The Taliban’s influence over education also includes the exclusion of girls from schools and universities. Afghan girls have been denied education for more than 600 days, and female students have been barred from universities for nearly a year. The Taliban’s Education Minister Sayeed Habibullah Agha recently defended these actions, stating that conditions for girls’ education in Afghanistan are not suitable.

In addition to the education of girls, the Taliban has also stopped women in Afghanistan from working. The combined impact of these restrictions has left many women feeling mentally distressed.

By favouring their members in the education sector, the Taliban could be causing long-term damage to Afghanistan’s social and institutional development.

This could lower the neutrality and trust in the country’s education system.
A month ago, the Taliban leader Mullah Hibatullah Akhundzada ordered the closure of approximately 7500 classes in Kandahar and Helmand that were primarily attended by boys.

On the other hand, they are increasing their efforts to promote religious education through madrassas. Last year, the Taliban’s farmer Minister of Education, Mullah Noorullah Munir, announced plans to build madrassas in every district, and hundreds have already been established.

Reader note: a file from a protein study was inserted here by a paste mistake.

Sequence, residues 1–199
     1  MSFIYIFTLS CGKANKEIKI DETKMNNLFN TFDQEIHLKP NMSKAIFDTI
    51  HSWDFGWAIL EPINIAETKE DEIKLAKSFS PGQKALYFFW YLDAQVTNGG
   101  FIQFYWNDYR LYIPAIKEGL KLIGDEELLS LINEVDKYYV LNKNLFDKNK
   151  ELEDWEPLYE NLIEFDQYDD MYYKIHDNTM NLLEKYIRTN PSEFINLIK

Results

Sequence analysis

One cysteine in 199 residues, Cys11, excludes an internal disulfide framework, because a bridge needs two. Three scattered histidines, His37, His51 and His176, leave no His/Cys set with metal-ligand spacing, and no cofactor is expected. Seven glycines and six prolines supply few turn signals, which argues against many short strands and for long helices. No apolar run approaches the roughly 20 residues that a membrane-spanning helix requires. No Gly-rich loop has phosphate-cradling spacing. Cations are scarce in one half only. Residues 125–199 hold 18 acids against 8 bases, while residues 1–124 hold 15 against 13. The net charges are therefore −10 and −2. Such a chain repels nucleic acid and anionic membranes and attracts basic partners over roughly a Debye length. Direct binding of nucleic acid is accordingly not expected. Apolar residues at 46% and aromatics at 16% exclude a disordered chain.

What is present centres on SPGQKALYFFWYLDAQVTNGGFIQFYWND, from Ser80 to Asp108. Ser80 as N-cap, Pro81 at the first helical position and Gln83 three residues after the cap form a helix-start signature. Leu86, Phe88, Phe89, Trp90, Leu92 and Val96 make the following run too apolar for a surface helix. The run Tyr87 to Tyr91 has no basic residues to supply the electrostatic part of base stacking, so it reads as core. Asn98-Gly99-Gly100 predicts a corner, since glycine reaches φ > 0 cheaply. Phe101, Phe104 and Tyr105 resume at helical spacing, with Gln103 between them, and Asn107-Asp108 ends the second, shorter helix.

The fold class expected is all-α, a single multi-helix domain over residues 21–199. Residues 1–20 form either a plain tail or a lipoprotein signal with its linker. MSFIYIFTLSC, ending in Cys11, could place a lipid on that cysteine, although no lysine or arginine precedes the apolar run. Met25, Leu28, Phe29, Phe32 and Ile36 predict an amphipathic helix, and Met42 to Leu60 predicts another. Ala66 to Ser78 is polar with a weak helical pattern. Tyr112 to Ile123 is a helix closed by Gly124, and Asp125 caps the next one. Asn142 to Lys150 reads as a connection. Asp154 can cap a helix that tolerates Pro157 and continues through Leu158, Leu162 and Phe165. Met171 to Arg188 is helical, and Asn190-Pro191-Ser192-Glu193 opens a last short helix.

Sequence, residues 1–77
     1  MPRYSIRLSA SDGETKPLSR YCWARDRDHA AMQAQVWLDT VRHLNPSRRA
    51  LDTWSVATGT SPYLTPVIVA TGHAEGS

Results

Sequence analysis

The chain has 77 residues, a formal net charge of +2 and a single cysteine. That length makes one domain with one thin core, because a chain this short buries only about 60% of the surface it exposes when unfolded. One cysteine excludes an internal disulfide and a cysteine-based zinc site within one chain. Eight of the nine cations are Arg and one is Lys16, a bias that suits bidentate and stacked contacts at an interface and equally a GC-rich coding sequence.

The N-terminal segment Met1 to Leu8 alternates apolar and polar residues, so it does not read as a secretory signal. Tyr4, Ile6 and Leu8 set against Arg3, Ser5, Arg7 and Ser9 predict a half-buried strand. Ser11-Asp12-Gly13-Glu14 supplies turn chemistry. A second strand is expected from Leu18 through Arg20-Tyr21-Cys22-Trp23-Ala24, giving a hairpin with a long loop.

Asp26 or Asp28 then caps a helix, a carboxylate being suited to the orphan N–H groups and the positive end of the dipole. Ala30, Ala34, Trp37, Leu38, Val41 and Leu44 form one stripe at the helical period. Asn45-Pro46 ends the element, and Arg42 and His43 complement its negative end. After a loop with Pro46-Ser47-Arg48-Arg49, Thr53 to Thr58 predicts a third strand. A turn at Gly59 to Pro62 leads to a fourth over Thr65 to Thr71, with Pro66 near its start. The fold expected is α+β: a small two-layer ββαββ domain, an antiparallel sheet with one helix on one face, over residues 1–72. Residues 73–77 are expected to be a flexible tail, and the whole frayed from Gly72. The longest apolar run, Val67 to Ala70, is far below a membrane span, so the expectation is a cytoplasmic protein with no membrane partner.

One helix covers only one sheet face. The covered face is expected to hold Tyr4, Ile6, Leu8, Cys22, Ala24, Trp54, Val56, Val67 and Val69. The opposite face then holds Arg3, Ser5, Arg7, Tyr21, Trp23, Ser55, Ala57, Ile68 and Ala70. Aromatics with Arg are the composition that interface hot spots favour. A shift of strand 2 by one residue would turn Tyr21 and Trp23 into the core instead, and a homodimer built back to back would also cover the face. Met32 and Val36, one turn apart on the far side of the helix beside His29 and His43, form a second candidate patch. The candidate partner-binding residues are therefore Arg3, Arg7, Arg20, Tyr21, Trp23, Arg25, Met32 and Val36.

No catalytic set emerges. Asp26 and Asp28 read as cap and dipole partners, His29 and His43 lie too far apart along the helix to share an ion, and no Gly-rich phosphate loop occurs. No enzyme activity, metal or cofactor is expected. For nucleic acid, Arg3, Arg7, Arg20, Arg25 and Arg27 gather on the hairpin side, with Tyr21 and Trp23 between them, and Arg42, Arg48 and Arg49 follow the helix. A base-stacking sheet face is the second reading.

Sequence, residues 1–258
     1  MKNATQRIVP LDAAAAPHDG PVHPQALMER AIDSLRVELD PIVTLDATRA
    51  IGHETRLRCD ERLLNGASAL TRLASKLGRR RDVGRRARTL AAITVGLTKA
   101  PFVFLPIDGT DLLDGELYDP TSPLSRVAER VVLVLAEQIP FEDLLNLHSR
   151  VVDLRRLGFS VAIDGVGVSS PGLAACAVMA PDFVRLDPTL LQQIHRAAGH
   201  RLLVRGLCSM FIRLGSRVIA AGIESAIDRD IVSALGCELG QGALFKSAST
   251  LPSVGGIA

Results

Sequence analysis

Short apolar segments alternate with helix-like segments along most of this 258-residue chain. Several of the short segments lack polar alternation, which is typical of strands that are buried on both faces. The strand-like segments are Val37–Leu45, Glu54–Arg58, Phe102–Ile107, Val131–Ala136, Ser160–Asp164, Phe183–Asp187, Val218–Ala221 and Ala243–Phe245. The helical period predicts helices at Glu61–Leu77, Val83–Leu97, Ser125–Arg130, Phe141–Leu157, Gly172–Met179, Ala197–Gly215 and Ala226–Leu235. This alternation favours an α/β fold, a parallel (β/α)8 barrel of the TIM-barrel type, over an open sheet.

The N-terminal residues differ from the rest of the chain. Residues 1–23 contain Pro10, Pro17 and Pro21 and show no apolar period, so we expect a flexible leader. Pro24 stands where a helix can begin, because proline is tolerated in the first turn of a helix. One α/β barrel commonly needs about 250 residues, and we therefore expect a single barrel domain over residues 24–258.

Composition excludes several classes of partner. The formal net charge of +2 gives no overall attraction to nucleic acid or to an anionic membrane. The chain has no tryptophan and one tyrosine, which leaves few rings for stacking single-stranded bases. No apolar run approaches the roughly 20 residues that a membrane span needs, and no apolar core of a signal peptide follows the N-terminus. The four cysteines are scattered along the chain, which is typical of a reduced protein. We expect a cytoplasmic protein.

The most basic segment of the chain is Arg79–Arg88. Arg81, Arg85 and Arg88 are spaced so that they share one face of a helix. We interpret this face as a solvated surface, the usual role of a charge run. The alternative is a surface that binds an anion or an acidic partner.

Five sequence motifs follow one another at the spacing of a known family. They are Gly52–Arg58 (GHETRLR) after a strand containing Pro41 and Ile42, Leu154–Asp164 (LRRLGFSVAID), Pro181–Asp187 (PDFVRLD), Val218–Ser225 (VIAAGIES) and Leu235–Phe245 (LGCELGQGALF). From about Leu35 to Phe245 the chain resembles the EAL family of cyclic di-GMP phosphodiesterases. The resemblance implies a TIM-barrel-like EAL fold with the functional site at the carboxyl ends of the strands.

The Taliban is increasingly combining religious teachings with regular education in these madrassas. The students, under this system, are exposed to the Taliban’s ideological beliefs, which many perceive as narrow-minded.

This could potentially affect their understanding of the world and their cognitive development.

Another worrying part of the Taliban’s educational policy is the fast-tracking of madrassa students’ graduation. It’s reported that students are receiving their twelfth-grade certificates in approximately a year. Some of them easily converting their madrassa certificate directly with high school certificate , bachelor degrees or even Master degrees without attending school or university even one day.

This hurried approach to education threatens to replace the formal, modern educational system with a traditional and informal one. This change is causing many young people in Afghanistan to opt for madrassas over mainstream education.

The long-term consequences of this shift could be more serious than what appears on the surface. The country’s workforce, which plays a crucial role in Afghanistan’s economy and future, might be affected by this new educational paradigm.

Individuals who could have contributed positively to the country’s economy might be swayed by this ideology, leading to instability in the region and possibly even globally.

In short, the Taliban’s controversial educational policies are causing major changes in Afghanistan’s education system. These changes could have far-reaching social, economic, and political consequences. As the world continues to monitor these developments, the future of education in Afghanistan remains uncertain. It’s unclear whether these changes will lead to a more inclusive and progressive education system or further deepen the ideological divide. The international community must remain watchful and committed to ensuring the right to quality education for all Afghans.